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The focus of my journey is now on trying to help reach the tipping point in positive, scientific based horse training. To bring science into the work, and training out of the dark ages. Having seen the joy that positive reinforcement training brings to both partners in the horse - human relationship over the past 17 or so years, there is no going back...

 

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What Do Clicker Trained Horses and Chocolate Have In Common?

April 1, 2012

I read an article recently by veterinarian and animal behaviourist Dr. Sophia Yin, in which she was talking about a book that she had read. The book was titled, “The Compass of Pleasure: How Our Brains Make Fatty Foods, Orgasm, Exercise, Marijuana, Generosity, Vodka, Learning and Gambling Feel So Good,” by neurologist David Linden. I have to say that is quite the title, and I did wonder how he decided on the order of the list of things! Let’s take the example of the person who loves to eat chocolate. If the chocolate lover eats an entire bar at once, he gets a big hit of pleasure, but can’t do it very oft en. Meanwhile, the chocolate lover who breaks the bar into many small squares and enjoys them one at a time, throughout the day, receives many small hits of pleasure in his brain. Linden states that the brain gets more pleasure sensor stimulation overall from the second method of eating chocolate.

 

We can apply this understanding to what’s going on in our horses’ brains during clicker training. In feeding two sets of 20 treats, one at a time, as rewards for desired behaviour in our horse, we have provided 40 hits of pleasure to our horse’s brain. This quantity is very easily reached; in practice, a full day’s training can deliver close to 100 treats! The many small rewards given in a training session repeatedly stimulate the brain’s pleasure centre, leading to a strong desire by the animal to repeat the behaviour that led to the reward and the stimulation of the pleasure centre. What a great thing.

 

Given this scientific explanation of why high rates of reinforcement can help with training, we should practice and reward the behaviours we desire in our horses frequently, keeping the reinforcement rate high enough for them to want to repeat the behaviour. (Note: A horse or any animal trained with negative reinforcement will work only at the level necessary to avoid the negative stimulus.) Let’s apply this idea of Linden’s to the standing on a mat exercise. When we fi rst begin this exercise, we want to make standing on a mat a really good and pleasurable experience so that the horse wants to do it again. To achieve this, we need to start out with a high rate of reinforcement to stimulate that pleasure centre. This high rate of is high rate of reward is also called “sequential rewards” (Dr. called “sequential rewards” (D Yin). Th e treats are delivered about eve e treats are delivered about every 3 seconds to start with, and that is just about as fast as you can possibly click and treat!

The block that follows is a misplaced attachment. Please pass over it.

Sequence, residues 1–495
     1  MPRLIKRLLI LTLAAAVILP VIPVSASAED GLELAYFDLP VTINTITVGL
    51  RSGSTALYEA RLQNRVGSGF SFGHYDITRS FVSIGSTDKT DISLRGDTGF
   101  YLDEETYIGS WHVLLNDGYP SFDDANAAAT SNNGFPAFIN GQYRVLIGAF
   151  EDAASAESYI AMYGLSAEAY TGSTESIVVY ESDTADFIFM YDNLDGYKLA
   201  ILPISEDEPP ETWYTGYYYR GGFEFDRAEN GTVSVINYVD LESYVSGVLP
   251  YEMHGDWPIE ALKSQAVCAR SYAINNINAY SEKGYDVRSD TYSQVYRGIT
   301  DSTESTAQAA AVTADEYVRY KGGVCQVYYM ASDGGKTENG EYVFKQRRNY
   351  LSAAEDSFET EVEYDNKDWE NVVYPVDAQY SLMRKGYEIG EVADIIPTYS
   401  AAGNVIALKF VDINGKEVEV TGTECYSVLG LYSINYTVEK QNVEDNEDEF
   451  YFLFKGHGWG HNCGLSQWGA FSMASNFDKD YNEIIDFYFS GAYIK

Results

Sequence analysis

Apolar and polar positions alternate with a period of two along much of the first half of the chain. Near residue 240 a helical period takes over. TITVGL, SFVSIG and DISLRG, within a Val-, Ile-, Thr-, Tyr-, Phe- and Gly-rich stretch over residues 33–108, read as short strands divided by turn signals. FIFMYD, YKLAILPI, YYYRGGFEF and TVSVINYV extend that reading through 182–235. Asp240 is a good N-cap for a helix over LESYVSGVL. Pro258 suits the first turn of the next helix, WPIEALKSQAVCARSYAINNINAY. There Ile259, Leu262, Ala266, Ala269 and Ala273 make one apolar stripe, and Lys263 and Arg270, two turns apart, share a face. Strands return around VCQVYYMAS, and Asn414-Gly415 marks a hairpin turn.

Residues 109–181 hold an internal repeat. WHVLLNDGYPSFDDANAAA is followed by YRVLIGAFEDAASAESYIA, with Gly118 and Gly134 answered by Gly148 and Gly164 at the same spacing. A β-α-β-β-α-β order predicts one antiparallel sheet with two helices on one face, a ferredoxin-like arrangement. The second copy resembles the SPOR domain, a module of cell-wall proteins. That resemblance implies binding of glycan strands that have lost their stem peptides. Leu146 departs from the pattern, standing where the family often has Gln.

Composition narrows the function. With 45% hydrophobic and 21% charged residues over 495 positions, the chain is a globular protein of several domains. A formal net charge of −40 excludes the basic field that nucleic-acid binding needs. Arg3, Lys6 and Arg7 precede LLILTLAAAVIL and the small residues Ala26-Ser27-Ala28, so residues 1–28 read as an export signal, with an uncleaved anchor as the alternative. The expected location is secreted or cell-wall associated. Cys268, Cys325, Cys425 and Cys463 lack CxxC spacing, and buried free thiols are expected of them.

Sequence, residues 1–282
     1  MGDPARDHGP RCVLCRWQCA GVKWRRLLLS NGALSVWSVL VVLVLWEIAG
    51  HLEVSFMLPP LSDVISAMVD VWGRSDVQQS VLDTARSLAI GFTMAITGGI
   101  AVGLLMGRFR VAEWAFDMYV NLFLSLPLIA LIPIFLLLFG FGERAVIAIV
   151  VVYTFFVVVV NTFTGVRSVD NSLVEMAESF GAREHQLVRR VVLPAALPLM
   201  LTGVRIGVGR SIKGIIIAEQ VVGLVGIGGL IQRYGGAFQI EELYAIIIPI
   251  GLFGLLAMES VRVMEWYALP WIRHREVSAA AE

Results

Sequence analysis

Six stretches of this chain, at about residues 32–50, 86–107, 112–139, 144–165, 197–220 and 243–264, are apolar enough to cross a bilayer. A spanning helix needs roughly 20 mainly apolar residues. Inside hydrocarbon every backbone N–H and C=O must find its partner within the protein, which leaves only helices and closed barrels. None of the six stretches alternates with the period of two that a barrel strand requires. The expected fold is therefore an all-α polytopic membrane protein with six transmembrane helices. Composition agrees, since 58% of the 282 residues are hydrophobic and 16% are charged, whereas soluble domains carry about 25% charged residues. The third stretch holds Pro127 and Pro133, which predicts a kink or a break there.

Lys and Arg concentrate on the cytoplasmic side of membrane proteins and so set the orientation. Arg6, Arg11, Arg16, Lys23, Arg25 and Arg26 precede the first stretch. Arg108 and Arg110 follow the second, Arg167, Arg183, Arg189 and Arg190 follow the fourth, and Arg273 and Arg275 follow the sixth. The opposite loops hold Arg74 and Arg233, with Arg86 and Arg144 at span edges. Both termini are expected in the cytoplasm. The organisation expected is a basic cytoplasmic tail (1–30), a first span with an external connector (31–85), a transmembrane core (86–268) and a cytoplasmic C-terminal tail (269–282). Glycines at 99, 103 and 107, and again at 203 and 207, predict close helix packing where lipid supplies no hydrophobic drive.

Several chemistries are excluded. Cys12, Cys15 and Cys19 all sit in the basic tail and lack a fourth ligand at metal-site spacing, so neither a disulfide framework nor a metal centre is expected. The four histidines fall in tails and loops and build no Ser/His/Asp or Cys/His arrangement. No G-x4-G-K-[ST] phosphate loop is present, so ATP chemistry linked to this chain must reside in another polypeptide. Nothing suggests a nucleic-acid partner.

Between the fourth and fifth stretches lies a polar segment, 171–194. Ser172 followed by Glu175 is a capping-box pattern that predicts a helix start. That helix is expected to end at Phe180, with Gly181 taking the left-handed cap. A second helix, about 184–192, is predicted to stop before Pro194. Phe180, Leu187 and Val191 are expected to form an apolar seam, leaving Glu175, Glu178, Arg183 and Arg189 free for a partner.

(Note: To avoid weight gain from extra calories, take the “treats” you use for clicker training out of your horse’s normal rations.)

 

We will assume that your horse is not afraid of the mat and is willing to walk up to it and put his feet on it. (For a detailed explanation of this foundation exercise, please check back in the archives of Saddle Up.) As soon as your horse’s two front feet land on the mat, start your high rate of reinforcement. Remain aware of where you are feeding him and be prompt with the treat, but without a rushed feel to it. Click and treat several times, then ask him Click and treat several times, then ask him to move off move off the mat. If you continue too the mat. If you continue too long on the mat you will get your horse on the mat you will get your horse “stuck” on the mat. We want him to seek on the mat. We want him the mat but not be stuck to it if we ask him not be stuck to it and to move off it. All things must be kept in balance, just like any good training.

 

Now ask him to return to the mat, and once again repeat the high rate of reward sequence. Keep doing this loop of “on mat” and then “off mat” until he has the idea that standing on a mat is a great thing to do. Dr. Yin suggests that when the behaviour is reliable we can move to a slightly longer time interval between treats - extend it to 5 seconds at first, and then increase to 7, then 9, 12, 15 seconds, and so on, gradually building longer duration into the behaviour. A point to remember: do not to wait too long to click - you risk causing frustration and a breakdown in the behaviour. Observe your horse carefully and use your best judgment.

 

Sequential rewards using several small treats will stimulate the pleasure centre multiple times compared to a single stimulation using the same number of treats but given all at once. Dr. Yin concluded her article with, “I think the take-home message is clear. Some people may think that rewards are a somewhat weak way to train... however, when the right rewards are used consistently and predictably at a high reinforcement rate, they can become extremely strong.” In other words, the method of giving small, frequent rewards during training is much more likely to reinforce desired i behaviours than providing a large, single b treat at the end. Perhaps the next time someone comments about you using treats to train, you can use the chocolate example to help explain why clicker training works so well.

 

 

 

For fun, take a look at the above video. Tell me if you think this horse knows what a click means! I think you will recognize the famous pair in the video, too (Steffen Peters and Weltino's Magic). If you have a training issue that you would like to see covered in a future article, please email me at mgwynnetpf@gmail.com. Until next time, keep it positive.

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